(photo: MCS@flickr/flickr)

The bid by the private company Mortgage Resolution Partners to team with municipalities and use eminent domain laws to purchase underwater mortgages and then refinance them at a discount to the borrower has generated lots of attention at the wonk level. Now the White House has weighed in, and expressed skepticism:

The Obama administration has concerns with a proposal—backed by a one-time major fundraiser to President Barack Obama—that would use eminent domain to seize and restructure mortgages, according to a White House official [...]

While the administration believes the issue is a local one, it nonetheless has concerns with this approach, said the White House official. (Treasury Secretary Timothy Geithner had dismissed calls from congressional Democrats for such an initiative two years ago).

The article is actually pretty thin on details of the White House’s reaction; mostly it profiles Steven Gluckstern, the former Obama bundler and chairman of Mortgage Resolution Partners. MRP has a lot of political muscle behind it, including investors like former longtime California Assembly Speaker Willie Brown and political operative Peter Ragone. So I don’t think the relatively muted tut-tut from the White House will matter on a political level to San Bernardino County, in making their decision to go along with the eminent domain plan.

The 2010 letter that Nick Timiraos digs up is worth reading, however. Tim Geithner writes to Rep. Brad Miller, with whom I discussed the concept of using eminent domain as a foreclosure mitigation and debt relief strategy. Miller nailed this concept back in 2010, and wanted the Treasury Department to use existing TARP resources for the purpose, providing the capital to buy the mortgages that would be resold at a discount. At the time, Geithner opposed the idea. Here’s the key quote.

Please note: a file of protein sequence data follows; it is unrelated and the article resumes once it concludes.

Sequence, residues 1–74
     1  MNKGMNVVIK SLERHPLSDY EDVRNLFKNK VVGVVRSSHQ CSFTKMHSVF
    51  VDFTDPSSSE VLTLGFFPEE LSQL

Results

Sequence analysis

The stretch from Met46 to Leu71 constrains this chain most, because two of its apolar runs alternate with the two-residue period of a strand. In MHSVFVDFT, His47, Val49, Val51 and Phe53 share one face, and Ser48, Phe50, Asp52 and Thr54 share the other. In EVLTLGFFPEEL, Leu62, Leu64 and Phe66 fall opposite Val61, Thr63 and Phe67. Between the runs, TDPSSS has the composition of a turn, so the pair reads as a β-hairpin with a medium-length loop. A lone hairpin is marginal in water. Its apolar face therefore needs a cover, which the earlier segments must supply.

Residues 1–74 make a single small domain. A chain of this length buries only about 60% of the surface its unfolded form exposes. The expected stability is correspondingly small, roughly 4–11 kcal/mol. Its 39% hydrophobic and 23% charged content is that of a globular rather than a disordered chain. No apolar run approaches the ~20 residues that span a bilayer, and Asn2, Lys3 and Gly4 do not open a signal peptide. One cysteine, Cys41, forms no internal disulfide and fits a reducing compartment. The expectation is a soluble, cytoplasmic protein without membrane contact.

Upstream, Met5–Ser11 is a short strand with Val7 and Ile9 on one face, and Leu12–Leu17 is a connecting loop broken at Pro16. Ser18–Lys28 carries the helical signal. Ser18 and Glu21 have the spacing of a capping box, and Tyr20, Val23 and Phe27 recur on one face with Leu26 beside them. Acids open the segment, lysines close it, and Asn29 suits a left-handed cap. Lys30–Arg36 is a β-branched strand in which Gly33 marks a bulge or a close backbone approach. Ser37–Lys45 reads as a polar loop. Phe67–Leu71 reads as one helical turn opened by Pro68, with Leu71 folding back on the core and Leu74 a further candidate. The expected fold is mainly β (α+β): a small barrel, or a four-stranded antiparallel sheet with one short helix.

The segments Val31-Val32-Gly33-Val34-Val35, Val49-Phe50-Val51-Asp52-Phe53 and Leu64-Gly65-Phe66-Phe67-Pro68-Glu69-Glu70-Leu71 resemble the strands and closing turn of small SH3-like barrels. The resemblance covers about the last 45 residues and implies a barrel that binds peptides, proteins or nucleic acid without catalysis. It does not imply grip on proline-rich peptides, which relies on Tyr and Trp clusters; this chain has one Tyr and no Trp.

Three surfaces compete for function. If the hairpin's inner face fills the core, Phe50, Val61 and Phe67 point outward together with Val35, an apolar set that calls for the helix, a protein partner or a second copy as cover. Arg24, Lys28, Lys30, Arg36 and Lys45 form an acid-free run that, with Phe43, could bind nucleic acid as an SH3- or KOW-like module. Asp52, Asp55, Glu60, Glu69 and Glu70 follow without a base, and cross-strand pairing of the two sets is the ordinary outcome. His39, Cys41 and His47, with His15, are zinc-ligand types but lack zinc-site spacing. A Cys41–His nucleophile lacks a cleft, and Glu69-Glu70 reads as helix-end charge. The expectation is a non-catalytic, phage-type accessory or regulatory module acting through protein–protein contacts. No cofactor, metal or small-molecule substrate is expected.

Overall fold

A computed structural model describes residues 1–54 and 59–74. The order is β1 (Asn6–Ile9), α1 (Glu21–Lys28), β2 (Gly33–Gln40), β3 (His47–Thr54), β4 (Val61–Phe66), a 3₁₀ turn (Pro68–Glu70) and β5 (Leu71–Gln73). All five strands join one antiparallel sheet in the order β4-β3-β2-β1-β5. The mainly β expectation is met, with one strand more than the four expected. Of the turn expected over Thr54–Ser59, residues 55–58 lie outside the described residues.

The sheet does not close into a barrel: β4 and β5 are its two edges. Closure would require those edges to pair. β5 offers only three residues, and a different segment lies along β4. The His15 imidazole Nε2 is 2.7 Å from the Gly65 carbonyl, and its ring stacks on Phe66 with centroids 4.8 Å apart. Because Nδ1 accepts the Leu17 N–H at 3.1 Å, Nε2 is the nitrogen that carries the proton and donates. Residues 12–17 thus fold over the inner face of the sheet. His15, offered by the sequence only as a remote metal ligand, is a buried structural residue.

Even if this barrier to the potential success of the program could be overcome through the use of eminent domain as you suggest, that could require complex and lengthy proceedings. We would also need to consider the consequences of the program under accounting and regulatory requirements that did not exist at the time the original HOLC program was implemented. In addition, we would need a process for determining what taxpayers should pay for a mortgage. If Treasury were to pay a price higher than fair market value, taxpayers would be exposed to a high risk of loss and banks and investors would receive a windfall.

Basically, Geithner grabbed at whatever straw possible to avoid this kind of plan. The difficulty in determining fair market value is a red herring; homes are sold at auction all the time. Eminent domain is a complex process, but at a time when homes were being lost to foreclosure at a rapid rate, it’s better than the alphabet soup of programs Geithner touted in this memo, things like HAMP and HARP.

I think the MRP proposal is faulty on the specifics. Geithner clearly thinks eminent domain as a concept to fight foreclosures is faulty, because banks might have to take a loss for a change.